UI On Iowa third year shows growth and success


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Despite a three-year track record, University of Iowa officials say a nearly 2,000-student participation jump in a student welcome-week program can be credited much to a slew of recent adjustments.

The OnIowa program’s student participation jumped from 3,000 in 2012 to around 4,700 this year.

From Aug. 21 to Sunday, students attended events in order to help them transition into a college community, get familiar with their resources, and meet new people.

This year, officials emphasized growing the program forward since its inception in 2011 through a number of new participation initiatives.

Kathryn Sojka, the UI director of new student programs, said OnIowa staff completes extensive assessments to receive feedback from participants across the board, including focus groups and surveys with student leaders and various committees.

“We want to make sure we’re making improvements every year that meet what people want.” She said.

Andrew Beckett, an assistant dean in the Provosts Office who works on retention, said the program is about trying to let incoming students know what options are available on campus and the steps needed in order to get involved.

“The difference between high school and college is that you have to seek those resources out,” he said. “Now, we can push them toward you …”

While numerous factors are used in determining the UI’s student-retention rate, Beckett said, OnIowa is just one piece of the puzzle.

“Our society is really good about locking in on impact,” he said. “Students often drop out for personal reasons: a parent dies, a student gets mono, and there are many other issues that influence that decision.”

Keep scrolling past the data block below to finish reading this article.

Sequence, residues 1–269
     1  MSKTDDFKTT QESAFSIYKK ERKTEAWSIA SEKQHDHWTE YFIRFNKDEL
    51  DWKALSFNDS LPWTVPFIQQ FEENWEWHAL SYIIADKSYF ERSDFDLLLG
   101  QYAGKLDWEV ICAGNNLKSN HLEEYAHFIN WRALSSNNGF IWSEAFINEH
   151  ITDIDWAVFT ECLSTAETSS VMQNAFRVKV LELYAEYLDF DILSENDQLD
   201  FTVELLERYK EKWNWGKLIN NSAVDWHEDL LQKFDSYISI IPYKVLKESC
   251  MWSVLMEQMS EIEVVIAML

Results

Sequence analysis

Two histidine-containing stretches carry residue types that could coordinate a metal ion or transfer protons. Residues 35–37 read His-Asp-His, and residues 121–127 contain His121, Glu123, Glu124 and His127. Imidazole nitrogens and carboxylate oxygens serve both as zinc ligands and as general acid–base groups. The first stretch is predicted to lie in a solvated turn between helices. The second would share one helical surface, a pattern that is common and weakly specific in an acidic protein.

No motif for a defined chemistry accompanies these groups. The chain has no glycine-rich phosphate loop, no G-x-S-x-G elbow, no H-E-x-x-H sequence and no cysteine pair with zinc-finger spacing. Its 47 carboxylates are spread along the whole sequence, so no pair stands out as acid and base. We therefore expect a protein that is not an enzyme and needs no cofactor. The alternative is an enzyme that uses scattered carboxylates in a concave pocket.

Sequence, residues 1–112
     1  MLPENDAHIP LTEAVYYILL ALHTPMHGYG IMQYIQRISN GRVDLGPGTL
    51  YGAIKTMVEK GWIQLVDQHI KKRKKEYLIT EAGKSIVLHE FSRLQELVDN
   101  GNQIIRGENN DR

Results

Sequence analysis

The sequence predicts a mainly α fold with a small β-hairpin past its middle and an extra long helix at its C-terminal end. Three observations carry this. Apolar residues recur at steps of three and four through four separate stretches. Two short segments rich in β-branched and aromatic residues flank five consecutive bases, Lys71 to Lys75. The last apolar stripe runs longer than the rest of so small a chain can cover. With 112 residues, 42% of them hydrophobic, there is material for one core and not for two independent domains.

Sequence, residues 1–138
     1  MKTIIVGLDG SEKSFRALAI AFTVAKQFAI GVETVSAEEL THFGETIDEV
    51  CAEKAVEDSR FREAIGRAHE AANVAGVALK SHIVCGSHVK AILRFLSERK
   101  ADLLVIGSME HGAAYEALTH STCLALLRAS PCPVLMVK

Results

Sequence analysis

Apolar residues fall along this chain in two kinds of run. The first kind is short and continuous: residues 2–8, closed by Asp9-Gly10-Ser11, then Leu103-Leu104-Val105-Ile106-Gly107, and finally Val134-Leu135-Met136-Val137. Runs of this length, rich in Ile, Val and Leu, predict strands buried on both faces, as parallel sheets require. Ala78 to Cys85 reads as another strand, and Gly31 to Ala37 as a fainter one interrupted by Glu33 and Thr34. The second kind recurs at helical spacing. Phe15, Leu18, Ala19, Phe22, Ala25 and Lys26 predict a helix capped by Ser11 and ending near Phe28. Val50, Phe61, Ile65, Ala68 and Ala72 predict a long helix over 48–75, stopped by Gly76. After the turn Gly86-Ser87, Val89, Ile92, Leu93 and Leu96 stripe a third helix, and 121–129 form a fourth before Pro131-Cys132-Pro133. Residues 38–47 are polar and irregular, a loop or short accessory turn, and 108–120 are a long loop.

After receiving feedback from last year’s event, a number of changes were put into place. For example, optional events, including a town-gown segment were planned to give students something to do in their spare time.

“We learned maybe students want more downtime to explore, so we really added a whole town element this year so students can explore the different vendors downtown,” Sojka said.

Additionally, the inclusion of transfer students to the UI was made available for the first time in the program’s three-year history.

But although more than 1,000 transfer students were invited to participate, Sojka said, they were not expected to attend the events as first-year students are.

One of the most striking changes from 2012 was in volunteer participation.

In all, around 900 volunteers aided in more than 1,000 different positions this year, with 170 student leaders split into “color squads.”

A complete volunteer count from 2012 was not available as of Sunday evening.

Sojka said the whole idea is to break students up into small groups broken up by the 14 residence halls across campus.

“So if you live in Burge, you’ll be in a small group with people from Burge and Daum,” she said. “The whole idea there is that you’re not just hanging out with your roommate the whole time and you start building that community network.”

When asked about color squads, UI freshman Gabrielle Armetta said they were a good idea.

“They split you up into groups so you’re with different people every day, so you have to kind of make new friends, and there are different activities that people with different interests can go to, so there’s always new opportunities to meet people,” she said.

First-year student Kat Tillman agreed.

“They kind of force you to make new friends in a way, but I think that helps because everyone is in the same boat,” she said. “It actually turns out really well because you have similar interests and you can talk about basics. It’s nice to get to know people outside your hall or dorm.”

As an OnIowa student leader, Peter Schumacher believes the color squads and leadership structure have helped develop and improve the program since its inception.

“I was also in the guinea pig year, and it was rough because it was their first time doing it,” he said. “Even if I wasn’t a leader, I could tell they have a better handle on what they’re doing this time. There’s a lot more energy and everyone seems more invested. I think that that is going to go far and make the program really solid.”

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